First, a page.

September 25, 2003
IE Freezes Up Downloading Images
Turns out it's actually a Photoshop 7 problem . . . putting extra junk into jpg images. Read on for the whole story . . .
A few weeks back I worked on a problem with slowness on a site. One of the complaints was along these lines (from a user's email):
When I get to the site I only get the thumbnail pictures for the first ten items, but today also got the thumbnail for the twelve item. The browser then stops downloading with 28 items remaining.I could not duplicate the behavior no matter how many images I requested. I used ab to generate a load of 10,000 image requests over the course of ~60 seconds and served them all up without issue. Quite puzzling.
I can select any of the items from the site, except that the picture does not download.
I thought maybe these users were on dialup so I got on the modem and did some more testing. It was slow, but the browser was able to get all the images.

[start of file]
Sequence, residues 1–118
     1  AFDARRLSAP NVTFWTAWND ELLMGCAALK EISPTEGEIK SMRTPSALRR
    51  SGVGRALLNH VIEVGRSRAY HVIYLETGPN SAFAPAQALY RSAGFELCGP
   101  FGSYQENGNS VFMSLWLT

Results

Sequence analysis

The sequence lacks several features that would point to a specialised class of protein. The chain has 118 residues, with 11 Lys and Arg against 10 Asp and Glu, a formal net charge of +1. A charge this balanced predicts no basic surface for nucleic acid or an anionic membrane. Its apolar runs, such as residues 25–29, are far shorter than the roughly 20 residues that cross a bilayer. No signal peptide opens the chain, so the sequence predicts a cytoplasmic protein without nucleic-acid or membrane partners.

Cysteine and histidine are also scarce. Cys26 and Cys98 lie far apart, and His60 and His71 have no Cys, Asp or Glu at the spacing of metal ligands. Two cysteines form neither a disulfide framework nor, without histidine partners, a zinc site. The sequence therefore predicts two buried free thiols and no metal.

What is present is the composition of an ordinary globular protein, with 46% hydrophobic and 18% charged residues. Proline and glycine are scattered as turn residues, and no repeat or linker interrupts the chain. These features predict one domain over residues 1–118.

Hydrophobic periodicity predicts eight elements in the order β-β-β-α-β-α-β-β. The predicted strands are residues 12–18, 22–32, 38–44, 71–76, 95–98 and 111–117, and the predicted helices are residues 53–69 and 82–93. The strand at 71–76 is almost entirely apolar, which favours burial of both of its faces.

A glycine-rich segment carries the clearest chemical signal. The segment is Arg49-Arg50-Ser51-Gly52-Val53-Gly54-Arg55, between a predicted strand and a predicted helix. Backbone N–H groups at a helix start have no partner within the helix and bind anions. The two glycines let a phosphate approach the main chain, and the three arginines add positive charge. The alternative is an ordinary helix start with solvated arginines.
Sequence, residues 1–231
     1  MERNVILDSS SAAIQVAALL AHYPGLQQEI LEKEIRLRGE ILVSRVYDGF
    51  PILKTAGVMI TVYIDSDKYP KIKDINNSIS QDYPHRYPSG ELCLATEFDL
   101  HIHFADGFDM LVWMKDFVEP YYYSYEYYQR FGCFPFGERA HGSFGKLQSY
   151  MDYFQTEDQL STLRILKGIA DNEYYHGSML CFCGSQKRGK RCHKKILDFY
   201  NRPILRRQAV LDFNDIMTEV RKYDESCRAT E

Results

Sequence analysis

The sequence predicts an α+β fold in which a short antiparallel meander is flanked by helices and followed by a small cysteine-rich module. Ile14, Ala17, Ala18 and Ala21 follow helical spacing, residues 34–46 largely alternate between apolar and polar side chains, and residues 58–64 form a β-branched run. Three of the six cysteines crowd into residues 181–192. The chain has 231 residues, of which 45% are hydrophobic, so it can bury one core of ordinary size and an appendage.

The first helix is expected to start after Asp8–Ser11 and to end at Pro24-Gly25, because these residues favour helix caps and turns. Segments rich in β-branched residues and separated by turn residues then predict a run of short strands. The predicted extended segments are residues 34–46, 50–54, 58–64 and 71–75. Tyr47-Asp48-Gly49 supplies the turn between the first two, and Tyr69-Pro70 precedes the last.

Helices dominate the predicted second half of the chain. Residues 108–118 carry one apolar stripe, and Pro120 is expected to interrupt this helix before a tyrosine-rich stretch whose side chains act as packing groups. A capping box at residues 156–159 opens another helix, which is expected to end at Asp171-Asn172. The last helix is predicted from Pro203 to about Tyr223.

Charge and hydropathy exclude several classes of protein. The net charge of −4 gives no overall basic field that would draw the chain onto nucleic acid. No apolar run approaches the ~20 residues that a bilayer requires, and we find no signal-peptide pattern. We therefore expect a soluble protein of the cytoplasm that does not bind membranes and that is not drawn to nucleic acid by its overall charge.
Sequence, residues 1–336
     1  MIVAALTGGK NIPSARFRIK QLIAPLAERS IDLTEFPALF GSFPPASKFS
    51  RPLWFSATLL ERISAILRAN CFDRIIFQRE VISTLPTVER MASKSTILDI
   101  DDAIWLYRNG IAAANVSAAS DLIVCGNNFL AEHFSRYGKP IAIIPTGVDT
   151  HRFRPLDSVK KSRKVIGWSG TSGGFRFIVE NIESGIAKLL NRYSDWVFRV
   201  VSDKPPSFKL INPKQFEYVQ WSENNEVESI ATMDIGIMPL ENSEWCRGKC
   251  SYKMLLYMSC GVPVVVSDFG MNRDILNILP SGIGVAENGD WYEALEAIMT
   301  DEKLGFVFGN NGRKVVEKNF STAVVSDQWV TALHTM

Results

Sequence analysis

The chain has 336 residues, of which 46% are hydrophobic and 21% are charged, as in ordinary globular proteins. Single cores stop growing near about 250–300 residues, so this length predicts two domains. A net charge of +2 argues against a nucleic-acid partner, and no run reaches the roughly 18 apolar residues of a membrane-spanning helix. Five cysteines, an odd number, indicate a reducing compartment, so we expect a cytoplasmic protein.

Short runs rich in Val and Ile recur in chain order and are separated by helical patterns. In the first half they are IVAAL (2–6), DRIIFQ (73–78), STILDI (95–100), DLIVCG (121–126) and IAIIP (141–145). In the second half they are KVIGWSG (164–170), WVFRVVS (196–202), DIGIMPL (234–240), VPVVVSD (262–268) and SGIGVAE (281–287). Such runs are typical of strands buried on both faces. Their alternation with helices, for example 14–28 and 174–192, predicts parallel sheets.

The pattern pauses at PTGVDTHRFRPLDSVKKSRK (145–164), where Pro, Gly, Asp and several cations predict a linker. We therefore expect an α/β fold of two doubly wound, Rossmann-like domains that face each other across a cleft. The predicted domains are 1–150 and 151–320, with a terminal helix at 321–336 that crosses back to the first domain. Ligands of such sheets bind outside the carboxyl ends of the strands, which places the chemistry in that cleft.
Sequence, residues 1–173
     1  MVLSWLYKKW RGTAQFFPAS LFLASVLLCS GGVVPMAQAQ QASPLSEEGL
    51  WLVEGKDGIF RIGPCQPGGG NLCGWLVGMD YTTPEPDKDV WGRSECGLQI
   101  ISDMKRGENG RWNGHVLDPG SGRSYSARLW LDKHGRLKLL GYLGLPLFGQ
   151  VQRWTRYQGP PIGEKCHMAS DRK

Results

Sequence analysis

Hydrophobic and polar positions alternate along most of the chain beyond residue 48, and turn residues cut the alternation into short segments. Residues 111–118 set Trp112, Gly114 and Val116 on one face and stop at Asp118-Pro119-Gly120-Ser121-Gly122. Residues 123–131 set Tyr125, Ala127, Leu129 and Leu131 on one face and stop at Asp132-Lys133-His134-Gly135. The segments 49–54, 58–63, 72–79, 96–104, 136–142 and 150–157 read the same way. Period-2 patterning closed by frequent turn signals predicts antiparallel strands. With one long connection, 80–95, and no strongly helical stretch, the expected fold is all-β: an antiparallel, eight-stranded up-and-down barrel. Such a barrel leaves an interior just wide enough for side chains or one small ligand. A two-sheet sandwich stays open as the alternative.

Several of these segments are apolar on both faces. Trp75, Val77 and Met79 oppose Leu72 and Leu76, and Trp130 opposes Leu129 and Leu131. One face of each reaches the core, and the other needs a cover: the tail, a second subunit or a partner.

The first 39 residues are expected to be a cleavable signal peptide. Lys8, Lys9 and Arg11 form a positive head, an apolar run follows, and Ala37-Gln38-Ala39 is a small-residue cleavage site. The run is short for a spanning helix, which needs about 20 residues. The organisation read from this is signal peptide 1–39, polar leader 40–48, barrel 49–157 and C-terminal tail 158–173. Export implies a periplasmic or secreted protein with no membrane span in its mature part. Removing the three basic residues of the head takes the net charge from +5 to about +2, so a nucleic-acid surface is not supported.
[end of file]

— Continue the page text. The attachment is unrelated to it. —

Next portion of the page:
It was then that I realized every machine I had fiddled with this was either a Mac or Linux so I fired up VNC to a Windows box at the office and discovered in IE 5.5 I could duplicate the behavior. Seems that on the first request of the page a handful of the images load up. After that no further images can be loaded until the browser is closed and reopened.
I put together a test page in HTML with 545 different image requests. The page loads all but 94 of the images (having loaded 451 images). Started with 20 Apache processes starting up, and bumped it up to 30. Turned off KeepAlive, turned up KeepAliveTimeOut, same results.
Apparently there is a problem with jpeg images created by Photoshop 7. Photoshop embeds an XML preview into the jpeg, which causes IE to choke. I tracked down one of these images, and the xml (239 lines). The xml seems to be Apple's print formatting. It appears that even though these images were created with Photoshop and then resized with convert (of ImageMagick), the xml isn't cleaned out with convert.
1688 images (out of 3793) on the site have this XML. A simple command will get rid of it:
jpegtran -copy none <image> > <new image>
The none option makes sure no extra markers are copied from the source file. Cleaning up this image reduced the size from 21764 to 898 bytes.
Will have to be more careful using Photoshop 7, seems that the "save for web" option doesn't save the extra formatting in the image.
Posted by mike at September 25, 2003 8:27 PM